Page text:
The BOP said it sought a long-term fix and after three weeks separated the detainees into an area that would “eliminate the need to lock down” the cells as the immigrants moved about. That change also served to “increase access to (phone) calls” that the detainees were asking to make, the agency said in court records.
But Baxter-Neal, in a phone call with reporters, said the improvements happened only after the ACLU and Innovation Law Lab, a nonprofit immigrant legal service, sued the Department of Homeland Security for permission to let their volunteer attorneys and interpreters speak with immigrants inside the facility.
A judge agreed and ordered the lawyers be allowed in.
Health care and services offered, official says
A Bureau of Prisons spokesman this week offered a point-by-point response to the immigrants’ claims, first disputing that ICE detainees are confined to their cells for 22 hours a day.
“There are opportunities for inside and outside recreation,” he said in a statement to CNN.
Further, ICE detainees “are placed in restraints only for escort and as a last alternative to resolve a situation,” the spokesman told CNN by email, adding that “for the safety and security of detainees, inmates, visitors and staff, visual searches may be conducted when detainees have in-person ‘contact’ visits with members of the public in a visiting room.”
“When searches are performed, curtained partitions are used for privacy,” he said.
All ICE detainees also were medically screened when they arrived at Sheridan, the spokesman said, noting that “several” arrived with “healed bullet wounds” and none has been found to have a broken leg.
The bureau provides detainees, he said, with “preventive health screening, episodic (’sick call’) visits, emergency visits, and during regularly scheduled chronic care clinics” while taking “necessary precautionary measures to protect staff, inmates and detainees, and the community from communicable illnesses that include testing, treatment, prevention, education, and infection control measures.”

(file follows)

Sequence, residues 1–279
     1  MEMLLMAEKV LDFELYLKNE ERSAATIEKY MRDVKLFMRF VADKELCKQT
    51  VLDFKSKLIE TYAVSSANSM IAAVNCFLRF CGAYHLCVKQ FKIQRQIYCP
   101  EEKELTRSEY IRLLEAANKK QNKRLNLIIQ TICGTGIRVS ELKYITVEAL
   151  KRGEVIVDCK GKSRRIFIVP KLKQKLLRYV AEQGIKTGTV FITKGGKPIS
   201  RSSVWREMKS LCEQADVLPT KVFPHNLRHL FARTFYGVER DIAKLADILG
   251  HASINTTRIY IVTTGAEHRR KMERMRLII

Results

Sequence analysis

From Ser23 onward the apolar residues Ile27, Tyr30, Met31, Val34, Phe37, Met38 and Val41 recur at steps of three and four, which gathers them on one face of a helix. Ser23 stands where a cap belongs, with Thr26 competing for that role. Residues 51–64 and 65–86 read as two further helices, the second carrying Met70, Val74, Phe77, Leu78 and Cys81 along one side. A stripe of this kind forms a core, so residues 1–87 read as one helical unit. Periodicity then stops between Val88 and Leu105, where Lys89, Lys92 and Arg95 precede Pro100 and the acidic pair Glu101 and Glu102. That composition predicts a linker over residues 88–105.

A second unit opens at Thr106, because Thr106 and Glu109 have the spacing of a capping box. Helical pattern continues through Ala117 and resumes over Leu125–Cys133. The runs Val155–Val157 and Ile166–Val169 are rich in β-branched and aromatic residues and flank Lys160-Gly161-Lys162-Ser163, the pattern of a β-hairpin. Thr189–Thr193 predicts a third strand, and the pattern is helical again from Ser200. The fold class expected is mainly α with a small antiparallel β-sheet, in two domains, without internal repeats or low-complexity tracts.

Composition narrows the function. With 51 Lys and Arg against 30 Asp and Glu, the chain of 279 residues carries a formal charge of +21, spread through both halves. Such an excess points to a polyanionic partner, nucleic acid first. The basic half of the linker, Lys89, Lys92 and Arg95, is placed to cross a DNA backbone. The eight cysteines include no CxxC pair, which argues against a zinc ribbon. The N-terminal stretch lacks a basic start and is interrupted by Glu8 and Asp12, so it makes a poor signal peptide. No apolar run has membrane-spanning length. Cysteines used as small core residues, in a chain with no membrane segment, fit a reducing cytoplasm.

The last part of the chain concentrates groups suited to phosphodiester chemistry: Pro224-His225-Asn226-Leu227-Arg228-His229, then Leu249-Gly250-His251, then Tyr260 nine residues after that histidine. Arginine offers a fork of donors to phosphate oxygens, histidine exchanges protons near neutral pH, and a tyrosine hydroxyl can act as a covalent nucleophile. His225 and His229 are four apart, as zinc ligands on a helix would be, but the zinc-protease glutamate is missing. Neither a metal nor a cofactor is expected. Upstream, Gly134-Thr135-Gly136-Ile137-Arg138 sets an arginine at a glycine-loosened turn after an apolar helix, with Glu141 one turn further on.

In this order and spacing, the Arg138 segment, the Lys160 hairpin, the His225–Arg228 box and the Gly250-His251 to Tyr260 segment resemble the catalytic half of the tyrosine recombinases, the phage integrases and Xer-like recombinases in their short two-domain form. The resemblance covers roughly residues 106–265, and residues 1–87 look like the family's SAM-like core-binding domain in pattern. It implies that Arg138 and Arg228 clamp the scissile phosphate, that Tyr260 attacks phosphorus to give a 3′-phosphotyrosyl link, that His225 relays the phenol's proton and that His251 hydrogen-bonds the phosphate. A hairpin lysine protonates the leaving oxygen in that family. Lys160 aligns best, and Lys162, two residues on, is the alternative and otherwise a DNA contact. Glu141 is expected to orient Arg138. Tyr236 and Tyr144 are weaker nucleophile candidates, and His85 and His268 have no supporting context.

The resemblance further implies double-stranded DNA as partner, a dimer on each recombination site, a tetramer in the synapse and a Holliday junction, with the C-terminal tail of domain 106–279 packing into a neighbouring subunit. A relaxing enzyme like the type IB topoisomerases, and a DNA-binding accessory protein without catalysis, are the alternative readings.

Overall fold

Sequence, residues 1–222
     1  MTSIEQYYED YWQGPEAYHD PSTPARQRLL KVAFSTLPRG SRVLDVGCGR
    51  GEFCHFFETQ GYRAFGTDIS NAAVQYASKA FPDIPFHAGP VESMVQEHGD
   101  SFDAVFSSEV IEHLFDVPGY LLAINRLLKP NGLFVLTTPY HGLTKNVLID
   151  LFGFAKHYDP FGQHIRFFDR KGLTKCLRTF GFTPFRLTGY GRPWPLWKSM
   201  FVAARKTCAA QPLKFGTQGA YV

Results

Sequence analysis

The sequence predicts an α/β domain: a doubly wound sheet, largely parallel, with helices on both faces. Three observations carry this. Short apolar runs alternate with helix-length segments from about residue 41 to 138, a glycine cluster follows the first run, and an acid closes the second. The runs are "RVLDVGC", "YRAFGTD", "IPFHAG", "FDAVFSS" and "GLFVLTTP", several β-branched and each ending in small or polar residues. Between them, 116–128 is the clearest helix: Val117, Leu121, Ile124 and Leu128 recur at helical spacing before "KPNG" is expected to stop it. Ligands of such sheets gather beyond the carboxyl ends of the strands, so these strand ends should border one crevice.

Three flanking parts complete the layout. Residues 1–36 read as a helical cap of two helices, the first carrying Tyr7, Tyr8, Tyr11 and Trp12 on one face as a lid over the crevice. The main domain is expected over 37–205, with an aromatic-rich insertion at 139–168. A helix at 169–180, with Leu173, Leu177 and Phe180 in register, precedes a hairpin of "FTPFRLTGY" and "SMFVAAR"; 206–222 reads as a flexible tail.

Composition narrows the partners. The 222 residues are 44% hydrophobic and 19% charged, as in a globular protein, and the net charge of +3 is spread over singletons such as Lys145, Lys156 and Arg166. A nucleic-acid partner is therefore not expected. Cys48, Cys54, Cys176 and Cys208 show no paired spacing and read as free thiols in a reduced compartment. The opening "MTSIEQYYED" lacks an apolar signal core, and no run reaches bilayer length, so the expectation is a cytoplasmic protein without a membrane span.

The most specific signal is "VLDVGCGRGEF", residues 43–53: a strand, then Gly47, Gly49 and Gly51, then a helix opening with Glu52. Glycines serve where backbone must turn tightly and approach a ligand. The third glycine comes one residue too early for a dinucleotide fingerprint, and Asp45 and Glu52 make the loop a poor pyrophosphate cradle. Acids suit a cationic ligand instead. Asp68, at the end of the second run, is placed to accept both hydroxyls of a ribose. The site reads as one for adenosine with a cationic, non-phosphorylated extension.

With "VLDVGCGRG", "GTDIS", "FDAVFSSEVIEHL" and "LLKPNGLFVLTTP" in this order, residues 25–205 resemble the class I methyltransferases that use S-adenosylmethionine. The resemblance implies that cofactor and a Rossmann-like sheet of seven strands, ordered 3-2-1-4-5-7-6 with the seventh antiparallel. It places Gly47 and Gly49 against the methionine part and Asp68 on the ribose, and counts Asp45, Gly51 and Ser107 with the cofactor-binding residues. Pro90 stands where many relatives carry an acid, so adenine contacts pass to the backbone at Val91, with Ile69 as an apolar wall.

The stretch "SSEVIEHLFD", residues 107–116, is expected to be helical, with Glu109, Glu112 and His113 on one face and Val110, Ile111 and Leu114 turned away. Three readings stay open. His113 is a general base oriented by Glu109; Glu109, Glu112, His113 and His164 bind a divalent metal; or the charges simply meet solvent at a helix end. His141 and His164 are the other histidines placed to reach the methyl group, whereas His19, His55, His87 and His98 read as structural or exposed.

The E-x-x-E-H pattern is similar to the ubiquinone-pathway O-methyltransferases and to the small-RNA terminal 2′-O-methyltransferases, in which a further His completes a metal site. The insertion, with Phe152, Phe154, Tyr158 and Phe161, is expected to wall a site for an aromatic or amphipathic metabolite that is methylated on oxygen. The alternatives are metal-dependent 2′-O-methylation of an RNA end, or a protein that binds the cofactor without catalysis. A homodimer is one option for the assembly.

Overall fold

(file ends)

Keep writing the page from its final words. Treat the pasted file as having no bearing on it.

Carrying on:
ICE detainees who don’t speak English have access to bilingual staff and translation services, he said.
As for religious accommodations, “upon arrival at FCI Sheridan, ICE detainees were not wearing turbans nor have they made a request to staff to obtain one. However, staff are working to secure a vendor to allow ICE detainees who wish to order turbans to do so through the institution’s commissary,” the spokesman said.
Waiting to learn their fate
Domestic and international law holds that immigrants who fear persecution in their home countries are legally entitled to seek asylum in the United States regardless of how they enter the country. But the Trump administration has sought to reshape US policy by allowing officers who interview asylum-seekers to weigh whether an immigrant crossed the border illegally against their asylum claim.
The immigrants represented in the public defenders’ lawsuit are all detained pending immigration proceedings for asylum claims. It’s not clear whether any face misdemeanor charges for crossing the border illegally, though some admittedly entered the country by doing so. Others arrived without paperwork to enter the country at a legal border crossing, where they said they wanted to seek asylum.
Hay, the public defender, would not comment on any of the cases beyond the court records.
So far, the Innovation Law Lab has completed at least 100 screenings to assess the legal needs of the detained men, and the government has conducted 42 “credible fear interviews” to determine whether an immigrant meets the threshold to pursue an asylum claim, according to the organization, which corrals resources for immigration lawyers.
“So far, we have received 20 positive decisions for credible fear interviews,” meaning the immigrant qualified for a fuller hearing to make their case, said Victoria Bejarano Muirhead of the Innovation Law Lab.
That record offers some hope to those still housed in the prison, she said.
“One of the men from Nepal cried upon hearing he would not be immediately deported because his credible fear interview passed muster,” she said.
CNN’s Tal Kopan contributed to this report.